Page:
Watt Matters is a blog about training and racing with power and other related musings.

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TSS vs. kJ

Recently I've noticed a few discussions in the on-line forums about using the CPU read-out on power meters showing work performed (usually expressed as kilojoules) as a proxy for cumulative TSS. Many have noticed a roughly linear relationship appears to exist between the two measures.

This comes from a desire by some to know their cumulative TSS while riding.

But is the kJ read-out a valid proxy for TSS?

For those that use the newer ergomo power meter, they already have this feature built into their CPUs, so they have no need for using kJ as a proxy for TSS. However, for the rest of us, unless you do the same type of ride every time you head out the door or get on the trainer, it is unlikely that this linear relationship will hold true.


The Practical Example

While the mathematics shows this relationship to be a spurious one, there's nothing like real data to emphasise a point.

The above chart is a plot of kJ vs. TSS for 161 rides so far this season.

While the relationship is roughly linear, there are major differences in work performed for rides of a similar TSS, even rides with TSS around 100-130, the energy spread is greater than 1,000kJ or up to three times the difference for the same TSS!

So I won't be using the kJ display on my power meter as a proxy for TSS.

Besides, I'm better at estimating what TSS to expect per hour for certain types of rides. While you can do this by estimating the Intensity Factor (IF) of a given ride (or sections of ride), I simply know from experience what to expect since I have probably already done similar rides as a part of my regular training and racing.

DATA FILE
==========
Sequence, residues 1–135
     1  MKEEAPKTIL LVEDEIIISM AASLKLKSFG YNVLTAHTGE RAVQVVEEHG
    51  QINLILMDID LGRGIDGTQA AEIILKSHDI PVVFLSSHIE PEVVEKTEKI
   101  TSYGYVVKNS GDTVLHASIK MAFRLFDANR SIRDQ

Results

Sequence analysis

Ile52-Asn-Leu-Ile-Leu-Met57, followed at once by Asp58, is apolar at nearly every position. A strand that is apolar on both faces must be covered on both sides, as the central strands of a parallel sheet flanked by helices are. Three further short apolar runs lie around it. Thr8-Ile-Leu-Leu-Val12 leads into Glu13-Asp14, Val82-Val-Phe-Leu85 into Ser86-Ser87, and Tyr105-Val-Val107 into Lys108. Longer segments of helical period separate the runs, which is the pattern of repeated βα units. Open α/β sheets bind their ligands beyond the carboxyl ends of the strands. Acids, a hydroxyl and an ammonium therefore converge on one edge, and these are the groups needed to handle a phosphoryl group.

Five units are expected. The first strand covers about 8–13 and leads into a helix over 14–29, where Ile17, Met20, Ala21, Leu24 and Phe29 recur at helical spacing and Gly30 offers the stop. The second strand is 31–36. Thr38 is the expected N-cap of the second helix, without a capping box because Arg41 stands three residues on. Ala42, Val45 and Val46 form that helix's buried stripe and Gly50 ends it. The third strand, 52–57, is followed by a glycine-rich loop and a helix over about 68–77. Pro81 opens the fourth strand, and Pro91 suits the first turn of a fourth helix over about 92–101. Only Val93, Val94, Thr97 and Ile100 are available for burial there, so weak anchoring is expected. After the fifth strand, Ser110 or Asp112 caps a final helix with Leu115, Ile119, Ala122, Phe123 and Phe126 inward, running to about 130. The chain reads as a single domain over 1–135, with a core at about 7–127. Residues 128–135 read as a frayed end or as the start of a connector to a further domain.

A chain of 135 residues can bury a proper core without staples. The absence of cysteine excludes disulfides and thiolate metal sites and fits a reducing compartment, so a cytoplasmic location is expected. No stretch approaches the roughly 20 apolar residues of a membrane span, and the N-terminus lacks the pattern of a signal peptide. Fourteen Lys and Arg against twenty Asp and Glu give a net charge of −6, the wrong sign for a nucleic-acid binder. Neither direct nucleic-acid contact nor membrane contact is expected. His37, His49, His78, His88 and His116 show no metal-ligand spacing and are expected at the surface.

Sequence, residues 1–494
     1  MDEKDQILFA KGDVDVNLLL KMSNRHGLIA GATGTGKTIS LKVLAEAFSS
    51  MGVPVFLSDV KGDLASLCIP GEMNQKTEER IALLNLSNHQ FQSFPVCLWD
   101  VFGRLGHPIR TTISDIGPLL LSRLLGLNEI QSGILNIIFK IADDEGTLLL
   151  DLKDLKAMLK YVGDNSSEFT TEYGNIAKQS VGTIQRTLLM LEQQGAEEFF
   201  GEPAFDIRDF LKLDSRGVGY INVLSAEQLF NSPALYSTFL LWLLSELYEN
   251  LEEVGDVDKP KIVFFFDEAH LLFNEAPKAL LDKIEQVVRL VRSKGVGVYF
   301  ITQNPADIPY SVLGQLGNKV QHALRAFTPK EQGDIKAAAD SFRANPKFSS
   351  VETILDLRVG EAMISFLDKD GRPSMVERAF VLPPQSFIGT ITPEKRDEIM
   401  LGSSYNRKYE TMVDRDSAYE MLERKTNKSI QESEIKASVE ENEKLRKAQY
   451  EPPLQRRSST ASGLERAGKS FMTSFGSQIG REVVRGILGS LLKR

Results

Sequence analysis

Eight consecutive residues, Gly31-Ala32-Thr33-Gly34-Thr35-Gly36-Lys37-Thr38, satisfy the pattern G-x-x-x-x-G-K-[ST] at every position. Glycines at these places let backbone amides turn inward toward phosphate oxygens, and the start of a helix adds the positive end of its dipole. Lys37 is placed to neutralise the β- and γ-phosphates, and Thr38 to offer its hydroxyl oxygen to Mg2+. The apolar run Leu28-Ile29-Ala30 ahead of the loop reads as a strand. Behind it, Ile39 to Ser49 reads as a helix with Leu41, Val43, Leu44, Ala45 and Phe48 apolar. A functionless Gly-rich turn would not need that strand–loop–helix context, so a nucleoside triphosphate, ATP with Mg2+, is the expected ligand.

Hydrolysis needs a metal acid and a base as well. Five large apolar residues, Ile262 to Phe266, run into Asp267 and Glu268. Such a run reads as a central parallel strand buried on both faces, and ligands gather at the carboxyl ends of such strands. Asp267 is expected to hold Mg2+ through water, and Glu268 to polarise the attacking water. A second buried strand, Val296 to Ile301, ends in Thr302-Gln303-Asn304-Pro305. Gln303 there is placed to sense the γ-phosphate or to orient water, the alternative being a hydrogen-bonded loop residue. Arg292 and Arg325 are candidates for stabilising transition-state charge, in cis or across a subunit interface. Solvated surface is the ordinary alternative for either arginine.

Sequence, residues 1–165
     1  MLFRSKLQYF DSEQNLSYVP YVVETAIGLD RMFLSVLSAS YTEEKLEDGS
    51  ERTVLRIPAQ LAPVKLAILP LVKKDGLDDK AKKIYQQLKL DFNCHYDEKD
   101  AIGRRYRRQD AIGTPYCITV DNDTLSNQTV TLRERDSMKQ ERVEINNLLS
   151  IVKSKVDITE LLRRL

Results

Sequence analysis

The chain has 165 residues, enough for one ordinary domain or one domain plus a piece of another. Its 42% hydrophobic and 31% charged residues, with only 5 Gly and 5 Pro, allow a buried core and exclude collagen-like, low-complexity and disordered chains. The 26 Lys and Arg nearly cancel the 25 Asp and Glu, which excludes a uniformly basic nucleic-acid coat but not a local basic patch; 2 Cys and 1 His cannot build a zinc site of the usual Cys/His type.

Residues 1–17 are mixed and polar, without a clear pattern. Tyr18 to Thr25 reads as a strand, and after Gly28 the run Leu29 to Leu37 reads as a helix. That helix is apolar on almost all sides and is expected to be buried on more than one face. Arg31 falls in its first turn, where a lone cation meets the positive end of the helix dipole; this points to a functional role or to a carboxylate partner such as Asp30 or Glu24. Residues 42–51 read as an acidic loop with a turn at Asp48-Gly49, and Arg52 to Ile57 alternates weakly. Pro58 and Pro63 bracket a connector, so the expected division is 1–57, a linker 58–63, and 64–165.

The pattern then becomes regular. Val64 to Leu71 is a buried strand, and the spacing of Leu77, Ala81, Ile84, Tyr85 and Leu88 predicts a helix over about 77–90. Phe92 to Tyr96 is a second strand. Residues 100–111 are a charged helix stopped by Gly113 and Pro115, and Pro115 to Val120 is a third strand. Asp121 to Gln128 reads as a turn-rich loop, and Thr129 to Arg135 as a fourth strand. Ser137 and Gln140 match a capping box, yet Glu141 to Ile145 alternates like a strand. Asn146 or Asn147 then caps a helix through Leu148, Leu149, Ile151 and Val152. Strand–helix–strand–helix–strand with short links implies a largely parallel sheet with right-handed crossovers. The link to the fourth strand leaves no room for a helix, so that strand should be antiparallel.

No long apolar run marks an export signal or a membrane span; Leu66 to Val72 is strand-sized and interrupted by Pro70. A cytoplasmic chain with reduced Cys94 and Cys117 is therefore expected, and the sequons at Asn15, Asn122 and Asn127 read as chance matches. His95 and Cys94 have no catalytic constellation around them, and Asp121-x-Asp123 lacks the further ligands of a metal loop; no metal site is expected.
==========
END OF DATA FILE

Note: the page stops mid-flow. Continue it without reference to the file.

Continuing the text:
The Maths

Here's a quote from Andy Coggan on the matter to explain the maths:

"The relationship between TSS and total work not only varies with the individual, but also with the nature of the workout. That is evident by looking at the respective formulae:

Total work = duration x average power

TSS = duration x (normalized power/functional threshold power)^2

Thus, during long workouts the ratio of TSS to total work will tend to be lower, since normalized power and average power will tend to be closer together. Conversely, during shorter, higher intensity workouts (especially, e.g., with trackie style "go hard, puke, go home" level 6 intervals) the ratio of TSS to total work will tend to be higher, since normalized power will be much higher than average power. Of course, if practically all of your workouts are "middle of the road", then these differences won't be apparent and you may find a fairly high correlation between total work and TSS. As should be evident from the formulae given above, however, the two are not equivalent, i.e., such a correlation is simply spurious."

So until TSS, IF etc are incorporated into the CPUs of more brands of power meter, I guess most of us will just need to get to know our own data better....

Making a Point

Christmas Pudding (Racing vs Training)